Mattias Karlsson, the party’s parliamentary head and chief ideologue, says that immigrants are one of two groups his party is working hardest to attract. “Our two main target groups are immigrants and women,” he told the Observer. “We feel we still have a great potential to grow in those groups.”

The most recent opinion survey from the government agency Statistics Sweden suggests that the strategy could be paying off: astonishing for a party whose leader, Jimmie Åkesson, once described the growing number of Muslims in Sweden as “our greatest foreign threat since the second world war”.

In May 2014, in the run-up to the last general election, the Sweden Democrats had the support of 2% of foreign-born citizens. In May this year, it was 12%. “A lot of the crime is happening in the suburbs where a lot of foreign-born people live,” Karlsson said. “It’s their cars that are being burned. It’s their kids’ schools that are descending into chaos.”

Jörgen Grubb, chairman of the Sweden Democrats in Malmö.
 Jörgen Grubb, chairman of the Sweden Democrats in Malmö. Photograph: Richard Orange

This portrayal is deemed excessively negative by many Swedes, including those who live in Rosengård, where smiling families and well maintained parks and playgrounds tell a very different story.

But the party’s message is hitting home and, almost whatever happens in the remaining two weeks of the campaign, the Sweden Democrats will be seen as the winner.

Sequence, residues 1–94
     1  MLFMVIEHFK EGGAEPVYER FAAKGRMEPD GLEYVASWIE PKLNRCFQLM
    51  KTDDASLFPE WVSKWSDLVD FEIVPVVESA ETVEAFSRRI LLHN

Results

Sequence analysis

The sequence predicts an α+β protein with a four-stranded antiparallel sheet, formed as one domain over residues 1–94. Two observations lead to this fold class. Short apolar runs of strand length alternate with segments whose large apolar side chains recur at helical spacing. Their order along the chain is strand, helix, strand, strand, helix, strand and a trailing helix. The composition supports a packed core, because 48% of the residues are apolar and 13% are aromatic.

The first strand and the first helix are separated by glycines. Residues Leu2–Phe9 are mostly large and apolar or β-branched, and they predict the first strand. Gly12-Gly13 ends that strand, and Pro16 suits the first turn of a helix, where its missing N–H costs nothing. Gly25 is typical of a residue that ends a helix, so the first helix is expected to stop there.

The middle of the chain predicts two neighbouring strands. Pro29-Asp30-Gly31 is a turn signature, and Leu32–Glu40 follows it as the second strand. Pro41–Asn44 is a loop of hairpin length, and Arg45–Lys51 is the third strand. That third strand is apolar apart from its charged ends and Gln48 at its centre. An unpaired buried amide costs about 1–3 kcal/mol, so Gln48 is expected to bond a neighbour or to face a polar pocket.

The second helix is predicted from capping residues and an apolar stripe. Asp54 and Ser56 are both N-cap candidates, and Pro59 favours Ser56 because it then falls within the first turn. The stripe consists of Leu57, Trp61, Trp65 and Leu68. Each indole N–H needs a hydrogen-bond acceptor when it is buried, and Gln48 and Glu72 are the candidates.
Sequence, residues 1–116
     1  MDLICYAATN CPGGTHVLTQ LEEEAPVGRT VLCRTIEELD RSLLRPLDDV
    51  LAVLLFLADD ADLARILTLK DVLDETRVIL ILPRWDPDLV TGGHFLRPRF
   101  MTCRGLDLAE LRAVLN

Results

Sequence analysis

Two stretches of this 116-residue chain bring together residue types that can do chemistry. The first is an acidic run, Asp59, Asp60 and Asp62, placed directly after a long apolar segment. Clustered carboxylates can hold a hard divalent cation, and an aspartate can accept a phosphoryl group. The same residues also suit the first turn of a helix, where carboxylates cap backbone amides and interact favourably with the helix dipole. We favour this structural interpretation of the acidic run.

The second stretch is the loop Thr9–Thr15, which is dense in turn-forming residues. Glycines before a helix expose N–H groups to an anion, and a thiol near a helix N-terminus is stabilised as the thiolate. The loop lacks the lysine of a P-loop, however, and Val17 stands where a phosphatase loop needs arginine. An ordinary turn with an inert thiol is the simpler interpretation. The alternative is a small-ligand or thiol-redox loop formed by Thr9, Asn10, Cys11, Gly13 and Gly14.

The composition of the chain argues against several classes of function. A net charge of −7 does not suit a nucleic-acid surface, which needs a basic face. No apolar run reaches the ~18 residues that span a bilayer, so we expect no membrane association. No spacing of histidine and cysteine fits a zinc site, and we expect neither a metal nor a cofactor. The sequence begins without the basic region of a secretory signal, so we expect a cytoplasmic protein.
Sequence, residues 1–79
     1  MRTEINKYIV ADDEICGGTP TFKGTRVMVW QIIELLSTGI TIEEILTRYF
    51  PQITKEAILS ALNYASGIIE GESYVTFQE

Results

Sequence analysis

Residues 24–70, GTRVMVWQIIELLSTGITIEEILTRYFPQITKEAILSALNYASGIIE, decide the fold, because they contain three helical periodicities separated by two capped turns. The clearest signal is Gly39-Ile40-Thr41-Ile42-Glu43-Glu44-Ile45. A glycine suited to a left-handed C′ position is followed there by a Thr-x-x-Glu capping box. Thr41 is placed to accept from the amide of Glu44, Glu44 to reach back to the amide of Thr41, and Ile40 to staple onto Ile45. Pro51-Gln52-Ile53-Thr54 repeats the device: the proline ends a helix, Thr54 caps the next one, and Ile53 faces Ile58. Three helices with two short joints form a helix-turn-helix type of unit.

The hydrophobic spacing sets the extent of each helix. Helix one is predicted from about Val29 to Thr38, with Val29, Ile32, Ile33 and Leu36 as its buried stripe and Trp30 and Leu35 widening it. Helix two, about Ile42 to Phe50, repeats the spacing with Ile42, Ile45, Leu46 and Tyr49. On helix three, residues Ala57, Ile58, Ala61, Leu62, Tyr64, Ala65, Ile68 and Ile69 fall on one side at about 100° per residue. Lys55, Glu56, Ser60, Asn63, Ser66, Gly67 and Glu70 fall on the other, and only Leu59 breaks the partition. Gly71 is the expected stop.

A recent poll by the Sifo research company had the party leapfrogging the centre-right Moderates to become Sweden’s second-biggest party with 19.5% of the vote. Even if the figure falls several points short of this, the party’s seats will make it near impossible to form a government in Sweden without at least its passive support, or some sort of deal between the centre-left and centre-right parties. And it could do better still. A YouGov poll in June had the party ahead of the Social Democrats as well, on 25.7%.

Much of this is due to the leader, Åkesson, who, with his neatly parted hair and preppy uniform of jacket and chinos, has perfected the art of framing his message in a wry, reasoning tone that appeals to Swedes.

But it is also because of Karlsson’s doctrine of cultural nationalism, according to which foreigners who learn Sweden’s language and accept its culture are welcome, and to the party’s “zero-tolerance” policy against members who make openly racist or antisemitic statements.

When, last week, a municipal election candidate was found to have posted a white nationalist song online with the refrain “Swedes are white and our country is ours”, Karlsson told the press that the candidate would probably be expelled. The Hungarian-born Sweden Democrat MP Anna Hagwall was sacked two years ago for a perceived antisemitic attack against the Bonnier family, newspaper owners with a Jewish background.

“We are really firm and non-compromising about these issues,” Karlsson said. “Any sign of xenophobia and racism, we immediately expel those representatives.”

But Jonathan Leman, a researcher at the anti-extremism magazine Expo, warns that the party’s disavowal of xenophobia does not go too deep. The party is campaigning on policies that include a ban on the niqab, restriction of political asylum to Danes, Finns and Norwegians, and no work permits for all but the most essential foreign workers. “That’s the official line,” he said. “However the people who are active in the Sweden Democrats have a mindset where immigrants and minorities are at the centre of everything that’s wrong in society. That’s why we keep on seeing these scandals in the news about SD politicians saying things like ‘Sweden is a place where whites belong and non-whites don’t.’”